IMG_0995If it’s a weekend April through September, you’ll find Guy Taylor on a dirt race track scoring points in a Pro Late Model event. The Pro late Model class is made up of crate engine cars. A crate engine is a ready-to-install, aftermarket engine delivered in a crate.

Guy says the engine of his Pro Late Model is simply a stock, General Motors motor. On one-fourth to three-eight mile tracks, he can go as fast as 85 miles per hour. He went fast enough last year to place third in national championship points in his class. His goal is to take the number one spot.

INB is helping out by being one of his 2016 sponsors. Guy says it’s easy to spend $200 – $300 a night on trailering the car to racetracks in Macon (near Decatur), Lincoln or Jacksonville then actually participating in the race. Beside fuel, there’s the pit pass which covers insurance and what you could call an entry fee. While he notes the racers are competing for top prizes, the purses are pretty slim, with first place winners usually getting about $500.

Guy doesn’t race for the money, he says. He was even quoted by as saying, “You can make a small fortune in racing by starting with a big fortune!” No, it’s not the money. Guy races because he grew up racing. His dad, Dick Taylor – a much-respected racer himself and owner of Dick Taylor Collision Services in Springfield — had Guy and brother, Matt, on the track in go-carts as kids.

Let’s just say Guy never looked back. While he’s not at home for more than 20 weekends a year, he’s at “home” with his racing family. “We’re tough competitors on the track, but if anyone ever needs anything, we’re there for one another,” he says. And Guy’s actual family is right there with him, too: Matt races. His dad is crew chief. And his fiancée is there to cheer him on.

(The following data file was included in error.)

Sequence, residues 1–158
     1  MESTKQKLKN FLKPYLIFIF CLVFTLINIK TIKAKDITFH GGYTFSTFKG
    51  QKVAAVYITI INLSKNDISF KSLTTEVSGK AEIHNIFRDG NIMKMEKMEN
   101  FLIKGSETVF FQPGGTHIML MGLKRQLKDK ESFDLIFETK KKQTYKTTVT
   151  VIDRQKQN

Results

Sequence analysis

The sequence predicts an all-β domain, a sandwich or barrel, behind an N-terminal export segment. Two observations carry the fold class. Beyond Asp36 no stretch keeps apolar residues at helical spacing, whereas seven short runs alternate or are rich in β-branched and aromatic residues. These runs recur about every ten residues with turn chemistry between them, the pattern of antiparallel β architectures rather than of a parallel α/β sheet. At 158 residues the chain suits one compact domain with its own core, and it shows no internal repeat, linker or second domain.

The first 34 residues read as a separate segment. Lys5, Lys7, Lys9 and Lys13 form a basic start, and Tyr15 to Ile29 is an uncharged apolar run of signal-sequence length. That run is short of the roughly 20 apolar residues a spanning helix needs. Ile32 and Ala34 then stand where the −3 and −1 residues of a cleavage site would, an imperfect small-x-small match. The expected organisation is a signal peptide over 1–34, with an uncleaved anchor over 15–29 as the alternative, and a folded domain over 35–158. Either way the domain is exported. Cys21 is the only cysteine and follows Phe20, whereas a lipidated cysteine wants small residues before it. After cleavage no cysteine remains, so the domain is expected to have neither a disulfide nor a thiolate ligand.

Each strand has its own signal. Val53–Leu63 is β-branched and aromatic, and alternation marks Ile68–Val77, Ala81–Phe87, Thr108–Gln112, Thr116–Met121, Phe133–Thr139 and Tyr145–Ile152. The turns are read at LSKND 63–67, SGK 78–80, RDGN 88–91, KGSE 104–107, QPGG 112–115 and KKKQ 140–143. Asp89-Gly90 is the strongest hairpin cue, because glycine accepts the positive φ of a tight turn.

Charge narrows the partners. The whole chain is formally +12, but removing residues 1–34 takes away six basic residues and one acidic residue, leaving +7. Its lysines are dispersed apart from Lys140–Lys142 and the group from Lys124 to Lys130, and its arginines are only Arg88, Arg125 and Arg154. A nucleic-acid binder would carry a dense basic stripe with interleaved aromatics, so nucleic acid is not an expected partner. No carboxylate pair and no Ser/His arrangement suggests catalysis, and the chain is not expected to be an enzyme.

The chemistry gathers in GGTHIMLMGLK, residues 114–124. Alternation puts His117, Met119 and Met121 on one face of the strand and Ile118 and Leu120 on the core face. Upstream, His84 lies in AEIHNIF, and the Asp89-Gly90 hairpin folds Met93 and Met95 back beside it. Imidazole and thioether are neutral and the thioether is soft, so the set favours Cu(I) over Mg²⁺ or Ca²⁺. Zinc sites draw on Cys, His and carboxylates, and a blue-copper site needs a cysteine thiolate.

Guy loves the family involvement, and is working with the local raceways to help raise awareness of the sport. “We were recently at a Decatur mall, and there was a lot of interest. But the stands used to be packed. We’re not getting that kind of attendance today.

“When a family goes out to the race, it’s a neat thing,” he continues. “There’s not just the race, but fans can come down to the pits afterwards. The kids get to sit in the cars.”

One event that draws bigger than normal crowds is the annual NASCAR night at the tracks. “Some of the big names in NASCAR show up and race against us.” Guy says commercialization made NASCAR popular. “The races are on TV,” he explains. “Dirt racing is just starting to go there through the, MAVTV (The Motorsport Network).”

To help with both awareness and to help cover his costs, Guy and his team began selling t-shirts this year. You can connect with Guy regarding the shirts through his Facebook page.